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UW-Madison to receive $29 million in stimulus; at least $9 million must be direct aid
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UW-Madison to receive $29 million in stimulus; at least $9 million must be direct aid

UW Food Bank 2 (copy)

UW-Madison seniors Danielle Wendricks and Julia Gutman, who help staff Open Seat, prepared Thanksgiving meal packages Monday for distribution to students in November.

The University of Wisconsin-Madison expects to receive about $29 million through last month’s federal COVID-19 stimulus bill, although it remains unclear how much will go directly to students as emergency aid. 

Congress passed the $900 billion package Dec. 21, which included $23 billion for colleges and universities — significantly more than the first stimulus bill, also known as the CARES Act, in April. The 13 UW System schools will receive a total of about $150 million

The CARES Act required that institutions distribute 50% of their allocations to pandemic-related costs and 50% to emergency student aid. In April, UW-Madison received over $19 million from the federal government, meaning almost $10 million went directly to students. The university distributed the aid to over 9,180 students by July 6.

The new bill, however, only stipulates that an institution must spend at least the same dollar amount in emergency student aid as it did through the CARES Act. This means schools may dole out a greater or lesser percentage to students than they did in the spring, depending on their difference in allocation.

UW-Madison has estimated about $50 million in extra costs related to the pandemic, including testing, personal protective equipment and contact tracing.

Helen Faith, director of UW-Madison’s financial aid office, said the nuts and bolts of the CARES Act and student aid were confusing to many schools. Institutions opted for a wide range of methods to distribute the aid, from creating a new application form to using their usual financial aid criteria.

“Last time we were very proud of the fact that we distributed the funds very quickly to as many students as we could,” Faith said. “We will definitely prioritize making sure that we are as equitable as possible.”

At UW-Madison, students were able to request specific sums of money and describe what they needed the funds for. Cassidy McGee, a senior, requested and received $1,200 in the spring. After exhausting the first round of funding, the university made more money available, and McGee was able to receive over $600 more.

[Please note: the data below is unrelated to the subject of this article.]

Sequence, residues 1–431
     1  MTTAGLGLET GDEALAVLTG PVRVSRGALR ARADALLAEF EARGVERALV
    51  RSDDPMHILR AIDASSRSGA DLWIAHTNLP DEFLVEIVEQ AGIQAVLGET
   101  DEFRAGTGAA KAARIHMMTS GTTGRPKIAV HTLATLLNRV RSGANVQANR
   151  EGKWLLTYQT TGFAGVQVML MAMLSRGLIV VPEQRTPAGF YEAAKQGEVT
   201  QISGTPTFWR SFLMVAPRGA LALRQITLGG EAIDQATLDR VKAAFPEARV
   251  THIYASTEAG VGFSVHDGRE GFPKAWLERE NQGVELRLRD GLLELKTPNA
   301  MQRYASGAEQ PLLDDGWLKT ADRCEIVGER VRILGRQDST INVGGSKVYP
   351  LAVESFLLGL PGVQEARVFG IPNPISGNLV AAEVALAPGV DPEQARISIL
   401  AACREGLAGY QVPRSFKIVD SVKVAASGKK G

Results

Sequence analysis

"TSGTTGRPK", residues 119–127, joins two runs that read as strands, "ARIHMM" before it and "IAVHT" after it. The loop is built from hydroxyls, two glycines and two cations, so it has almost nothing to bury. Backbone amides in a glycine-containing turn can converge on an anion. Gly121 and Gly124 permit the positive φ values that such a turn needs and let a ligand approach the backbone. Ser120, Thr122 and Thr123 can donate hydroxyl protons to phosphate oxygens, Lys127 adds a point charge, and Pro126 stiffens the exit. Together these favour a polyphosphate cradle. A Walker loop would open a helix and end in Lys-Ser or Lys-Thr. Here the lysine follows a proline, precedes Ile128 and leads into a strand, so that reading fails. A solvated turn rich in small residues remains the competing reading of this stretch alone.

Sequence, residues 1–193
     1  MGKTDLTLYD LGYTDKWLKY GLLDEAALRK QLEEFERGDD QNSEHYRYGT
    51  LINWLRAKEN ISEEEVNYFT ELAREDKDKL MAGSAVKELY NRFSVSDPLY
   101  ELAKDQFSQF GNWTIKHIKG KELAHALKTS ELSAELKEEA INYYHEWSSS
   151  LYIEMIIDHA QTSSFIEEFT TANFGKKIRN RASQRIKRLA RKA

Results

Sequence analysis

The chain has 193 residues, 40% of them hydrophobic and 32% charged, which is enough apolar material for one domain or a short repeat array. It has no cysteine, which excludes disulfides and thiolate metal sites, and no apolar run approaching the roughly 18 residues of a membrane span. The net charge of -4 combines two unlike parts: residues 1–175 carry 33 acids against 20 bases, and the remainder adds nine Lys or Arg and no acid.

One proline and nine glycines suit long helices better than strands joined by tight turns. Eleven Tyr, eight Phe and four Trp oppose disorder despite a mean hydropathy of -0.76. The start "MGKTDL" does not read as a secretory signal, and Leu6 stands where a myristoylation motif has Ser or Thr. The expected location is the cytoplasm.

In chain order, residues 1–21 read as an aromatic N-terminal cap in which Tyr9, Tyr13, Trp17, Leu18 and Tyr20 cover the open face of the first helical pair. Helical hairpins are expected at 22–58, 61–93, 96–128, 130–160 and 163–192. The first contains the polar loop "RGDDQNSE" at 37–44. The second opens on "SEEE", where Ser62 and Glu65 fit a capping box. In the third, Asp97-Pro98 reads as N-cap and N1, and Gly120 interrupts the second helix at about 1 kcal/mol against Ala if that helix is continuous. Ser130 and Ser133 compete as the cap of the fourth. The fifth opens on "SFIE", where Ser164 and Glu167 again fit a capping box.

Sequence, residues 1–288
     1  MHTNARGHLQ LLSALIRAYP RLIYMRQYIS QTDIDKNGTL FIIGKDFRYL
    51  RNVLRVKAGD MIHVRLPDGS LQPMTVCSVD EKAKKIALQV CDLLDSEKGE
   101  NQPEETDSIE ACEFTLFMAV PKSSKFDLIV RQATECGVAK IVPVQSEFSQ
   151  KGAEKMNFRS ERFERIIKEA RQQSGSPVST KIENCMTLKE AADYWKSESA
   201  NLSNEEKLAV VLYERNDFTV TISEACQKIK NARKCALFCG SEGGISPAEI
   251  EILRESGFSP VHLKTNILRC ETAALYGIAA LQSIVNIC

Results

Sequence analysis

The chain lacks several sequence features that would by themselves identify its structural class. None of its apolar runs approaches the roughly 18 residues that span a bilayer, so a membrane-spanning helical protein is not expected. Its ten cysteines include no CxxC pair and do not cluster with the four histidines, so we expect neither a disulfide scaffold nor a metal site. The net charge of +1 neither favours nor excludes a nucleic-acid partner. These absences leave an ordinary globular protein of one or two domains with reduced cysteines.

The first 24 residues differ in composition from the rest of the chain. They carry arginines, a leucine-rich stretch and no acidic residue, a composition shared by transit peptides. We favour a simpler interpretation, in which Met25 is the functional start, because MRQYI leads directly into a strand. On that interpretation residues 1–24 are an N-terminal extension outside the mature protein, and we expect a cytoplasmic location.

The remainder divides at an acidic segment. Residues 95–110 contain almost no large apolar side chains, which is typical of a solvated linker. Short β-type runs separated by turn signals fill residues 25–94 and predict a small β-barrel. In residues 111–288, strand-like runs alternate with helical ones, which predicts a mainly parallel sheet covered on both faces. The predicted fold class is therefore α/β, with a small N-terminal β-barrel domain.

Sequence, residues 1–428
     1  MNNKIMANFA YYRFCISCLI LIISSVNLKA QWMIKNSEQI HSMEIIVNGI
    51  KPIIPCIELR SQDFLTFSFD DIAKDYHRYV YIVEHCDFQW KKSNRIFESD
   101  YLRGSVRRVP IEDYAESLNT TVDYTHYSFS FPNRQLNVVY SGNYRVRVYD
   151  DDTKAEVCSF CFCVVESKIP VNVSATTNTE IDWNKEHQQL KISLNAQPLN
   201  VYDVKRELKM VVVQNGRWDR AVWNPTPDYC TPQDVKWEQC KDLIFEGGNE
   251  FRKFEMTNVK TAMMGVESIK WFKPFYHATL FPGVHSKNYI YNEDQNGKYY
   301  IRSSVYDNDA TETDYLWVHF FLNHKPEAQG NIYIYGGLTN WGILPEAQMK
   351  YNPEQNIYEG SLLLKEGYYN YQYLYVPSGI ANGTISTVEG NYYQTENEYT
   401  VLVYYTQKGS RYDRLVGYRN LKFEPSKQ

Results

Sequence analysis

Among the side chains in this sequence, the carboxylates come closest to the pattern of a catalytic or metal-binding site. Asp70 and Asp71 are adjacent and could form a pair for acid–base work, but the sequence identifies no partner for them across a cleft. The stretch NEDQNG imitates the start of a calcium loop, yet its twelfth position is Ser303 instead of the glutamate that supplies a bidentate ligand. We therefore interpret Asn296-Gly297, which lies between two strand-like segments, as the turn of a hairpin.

McGee said most of the money went toward food. She was relying on her job in the financial aid office to pay rent and bills, but she lost a second on-campus job during the pandemic, which she said was a “really big dip in my funds.”

“I got my funds very quickly after I was notified, I would say no more than about a week,” McGee said. “There wasn’t a hassle.”

University spokeswoman Meredith McGlone said in an email that the university has yet to receive guidance from the U.S. Department of Education about the rules and has not made any decision on how to allocate the funds.

Gains beyond the pandemic

Also tucked into the bill were two major, non-pandemic related wins that higher education leaders have long supported.

First, it lowers the standard of eligibility for the Pell grant, a need-based assistance program, allowing more students and formerly incarcerated individuals to receive aid. Over 500,000 more students will become eligible for the Pell grant and 1.7 million more eligible for the maximum award.

Second, it simplifies the FAFSA, or federal student aid form from over 100 to a maximum of 36 questions. It will no longer include questions about drug conviction and selective service registration.

Helen Faith, director of UW-Madison’s office of financial aid, added that the simple changes to messaging in FAFSA will reduce barriers to aid. Currently, the process uses an “expected family contribution” number to determine aid, which Faith said many families incorrectly assume to be a required minimum payment.

“That tends to freak people out a little bit. It makes them a little nervous and think they have to get this amount of money … and oftentimes that causes them to retreat from the process altogether,” Faith said. “It’s never been an expectation that a family should be able to come up with a check for that amount.” 

The new language will use a “student aid index.” Though the formula is effectively the same, Faith said it more accurately frames financial aid eligibility as how much aid a student can receive, as opposed to how much they may be expected to pay. The student aid index can also run into the negative, meaning the neediest students can receive more money than the cost of attendance.

Faith said she is a bit wary that Congress passed the provisions through a pandemic relief bill outside the official Higher Education Act reauthorization process. The act is supposed to be reauthorized every five years but has not been renewed since 2008.

Making the changes through an unrelated bill, she said, can rush the process and “lack coherence with the rest of student aid policy,” she said. Still, she described the legislation as overwhelmingly positive.

“Certainly we have a lot farther to go to make college more affordable for more families,” Faith said. “But the changes, by and large, are really focused on improving access and simplifying the process, especially for families without complicated finances likely to be intimidated by the process.”

The changes will likely not be implemented until July 2023.

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